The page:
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BWW Interviews: Audrey Cardwell of CINDERELLA at Music Hall At Fair Park And Bass Performance Hall

Photo by Stephanie Girard Photography

Earlier this week, I had the pleasure of speaking wiht Audrey Cardwell from the national tour of CINDERELLA. Although she typically appears in the show's ensemble, Audrey has been performing the title role during another actress' extended break from the show. When the production arrives in town (performing both at Music Hall at Fair Park in Dallas, and Bass Performance Hall in Forth Worth) audiences will catch her performance as one of the three roles she's rehearsed and ready to play. To read more about Audrey, including her challenges of catching a safe ride to the royal palace, read our interview, below:

Name: Audrey Cardwell

Hometown: Birmingham, Alabama

Current Role: Ensemble, frequent understudy to Ella (Cinderella) and Gabrielle

Kyle Christopher West: Growing up, what first inspired you to perform?

Audrey: I started dancing when I was five years old. My mom was a single mom and she said, "I can either take you to daycare, or I can take you to dance," so my sister and I grew up dancing. We [also] grew up watching movie musicals: OKLAHOMA!, THE MUSIC MAN, CAROUSEL. We would basically have them on repeat at the house, and we would sing and dance. That's probably what first inspired me; and then we started doing community theatre. But, it was definitely all the old movie musicals that was the inspiration growing up.

Kyle: Before performing professionally, did you play any memorable roles?

Audrey: In high school, we did SEUSSICAL and all the classic high school productions. When I was in college, I played Peter Pan, and that will always be one of my dearest experiences. It was really, really magical and super fun. I have so many amazing memories, and to play that character was such a dream.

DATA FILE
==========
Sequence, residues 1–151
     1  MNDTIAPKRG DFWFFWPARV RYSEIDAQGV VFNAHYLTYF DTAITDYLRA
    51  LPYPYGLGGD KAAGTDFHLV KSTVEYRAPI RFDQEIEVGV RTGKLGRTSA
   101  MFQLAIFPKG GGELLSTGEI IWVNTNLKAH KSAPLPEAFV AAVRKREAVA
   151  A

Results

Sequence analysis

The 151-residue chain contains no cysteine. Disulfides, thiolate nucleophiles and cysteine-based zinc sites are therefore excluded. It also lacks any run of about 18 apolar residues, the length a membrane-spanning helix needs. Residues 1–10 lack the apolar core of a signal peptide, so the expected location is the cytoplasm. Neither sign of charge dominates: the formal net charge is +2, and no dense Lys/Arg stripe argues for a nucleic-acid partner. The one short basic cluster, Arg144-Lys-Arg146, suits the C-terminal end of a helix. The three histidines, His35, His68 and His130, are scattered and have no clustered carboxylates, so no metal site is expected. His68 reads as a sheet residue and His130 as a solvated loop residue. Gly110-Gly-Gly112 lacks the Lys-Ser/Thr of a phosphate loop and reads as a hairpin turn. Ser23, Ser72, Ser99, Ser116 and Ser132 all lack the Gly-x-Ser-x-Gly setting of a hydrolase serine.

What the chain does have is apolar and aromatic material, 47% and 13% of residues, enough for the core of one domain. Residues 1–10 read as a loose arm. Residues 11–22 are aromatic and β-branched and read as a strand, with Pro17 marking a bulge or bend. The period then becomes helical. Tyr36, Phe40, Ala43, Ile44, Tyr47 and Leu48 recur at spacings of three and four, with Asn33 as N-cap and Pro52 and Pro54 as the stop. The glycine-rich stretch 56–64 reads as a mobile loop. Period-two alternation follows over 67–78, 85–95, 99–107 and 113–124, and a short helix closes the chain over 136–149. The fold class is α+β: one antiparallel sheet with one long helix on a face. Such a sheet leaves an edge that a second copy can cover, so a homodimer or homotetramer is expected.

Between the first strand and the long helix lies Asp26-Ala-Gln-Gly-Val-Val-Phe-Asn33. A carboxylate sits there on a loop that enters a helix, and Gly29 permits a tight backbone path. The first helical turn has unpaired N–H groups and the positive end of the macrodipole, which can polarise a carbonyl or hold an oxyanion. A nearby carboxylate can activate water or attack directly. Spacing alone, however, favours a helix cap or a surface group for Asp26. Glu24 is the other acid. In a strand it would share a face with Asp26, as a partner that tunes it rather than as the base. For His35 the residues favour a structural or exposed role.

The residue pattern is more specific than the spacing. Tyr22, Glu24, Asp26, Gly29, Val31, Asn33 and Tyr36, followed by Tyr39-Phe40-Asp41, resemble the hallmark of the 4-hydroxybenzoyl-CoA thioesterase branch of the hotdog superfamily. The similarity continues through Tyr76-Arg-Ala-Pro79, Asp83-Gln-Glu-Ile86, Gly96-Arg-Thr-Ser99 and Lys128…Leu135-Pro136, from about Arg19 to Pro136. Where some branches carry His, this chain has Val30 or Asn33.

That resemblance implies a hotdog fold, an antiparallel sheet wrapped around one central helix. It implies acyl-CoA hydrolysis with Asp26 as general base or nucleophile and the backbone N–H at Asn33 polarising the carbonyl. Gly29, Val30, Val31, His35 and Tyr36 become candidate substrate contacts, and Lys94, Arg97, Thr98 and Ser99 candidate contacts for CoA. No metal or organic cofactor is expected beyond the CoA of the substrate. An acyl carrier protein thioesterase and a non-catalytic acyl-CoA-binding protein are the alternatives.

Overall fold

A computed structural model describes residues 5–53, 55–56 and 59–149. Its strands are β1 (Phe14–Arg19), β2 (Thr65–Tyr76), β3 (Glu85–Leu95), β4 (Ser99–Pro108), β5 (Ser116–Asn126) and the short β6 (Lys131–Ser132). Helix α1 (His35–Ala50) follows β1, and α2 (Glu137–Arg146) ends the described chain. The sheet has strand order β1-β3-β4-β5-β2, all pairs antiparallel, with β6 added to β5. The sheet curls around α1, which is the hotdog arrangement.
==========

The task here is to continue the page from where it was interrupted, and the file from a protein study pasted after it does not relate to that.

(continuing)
Kyle: I also noticed that you performed with Dallas Summer Musicals in THE LITTLE MERMAID not long ago, and I imagine you may have come through town on tour with ANYTHING GOES or ELF. Is there anything that stands out from your time here in town?

Audrey Cardwell (center, in pink) in THE LITTLE MERMAID
with Dallas Summer Musicals.

Audrey: They were pretty short visits but, honestly, the southern hospitality is something I always look forward to. Being a southerner myself, it really is different: the way people talk to you, and the way you can hold a conversation with a complete stranger...that only happens in the South [laughs.] It makes me feel right at home! We're in Dallas for two weeks, and then we go to Fort Worth. I've never been to Fort Worth; I'm so excited!

Kyle: Jumping ahead, I understand you are currently playing Cinderella, but you typically play another role in the show. What can you tell me about the different characters you play?

Audrey: I rehearsed and am normally in the ensemble, as one of the dancers, and I understudy Cinderella and Gabrielle, one of the stepsisters. Our Ella had to take a little leave-of-absence, and I moved in to the role of Ella. I think this is my fifth week, but she [Paige Faure, who typically plays the role] will be back soon. To step into your understudy track is rare, so this has been, honestly, just an absolute dream come true. I love this role and I love this show! Every day I pinch myself.

Kyle: What can you tell me about the experience of understudying such an iconic role? Have there been any unique challenges when stepping into the glass slipper at the last minute?